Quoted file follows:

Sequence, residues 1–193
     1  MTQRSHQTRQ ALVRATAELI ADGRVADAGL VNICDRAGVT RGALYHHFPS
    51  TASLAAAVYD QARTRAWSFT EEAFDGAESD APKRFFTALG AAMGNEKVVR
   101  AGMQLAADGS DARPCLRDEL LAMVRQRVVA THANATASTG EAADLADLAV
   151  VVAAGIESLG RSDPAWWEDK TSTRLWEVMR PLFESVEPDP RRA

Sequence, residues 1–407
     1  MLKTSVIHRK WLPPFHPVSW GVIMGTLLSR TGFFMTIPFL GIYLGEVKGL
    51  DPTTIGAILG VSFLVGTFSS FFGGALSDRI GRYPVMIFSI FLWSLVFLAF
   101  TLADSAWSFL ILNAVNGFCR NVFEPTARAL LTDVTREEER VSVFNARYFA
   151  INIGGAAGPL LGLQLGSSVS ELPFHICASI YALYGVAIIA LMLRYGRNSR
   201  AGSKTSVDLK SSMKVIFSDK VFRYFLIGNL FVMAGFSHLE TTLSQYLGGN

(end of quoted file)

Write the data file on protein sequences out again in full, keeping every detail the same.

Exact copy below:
Sequence, residues 1–193
     1  MTQRSHQTRQ ALVRATAELI ADGRVADAGL VNICDRAGVT RGALYHHFPS
    51  TASLAAAVYD QARTRAWSFT EEAFDGAESD APKRFFTALG AAMGNEKVVR
   101  AGMQLAADGS DARPCLRDEL LAMVRQRVVA THANATASTG EAADLADLAV
   151  VVAAGIESLG RSDPAWWEDK TSTRLWEVMR PLFESVEPDP RRA

Sequence, residues 1–407
     1  MLKTSVIHRK WLPPFHPVSW GVIMGTLLSR TGFFMTIPFL GIYLGEVKGL
    51  DPTTIGAILG VSFLVGTFSS FFGGALSDRI GRYPVMIFSI FLWSLVFLAF
   101  TLADSAWSFL ILNAVNGFCR NVFEPTARAL LTDVTREEER VSVFNARYFA
   151  INIGGAAGPL LGLQLGSSVS ELPFHICASI YALYGVAIIA LMLRYGRNSR
   201  AGSKTSVDLK SSMKVIFSDK VFRYFLIGNL FVMAGFSHLE TTLSQYLGGN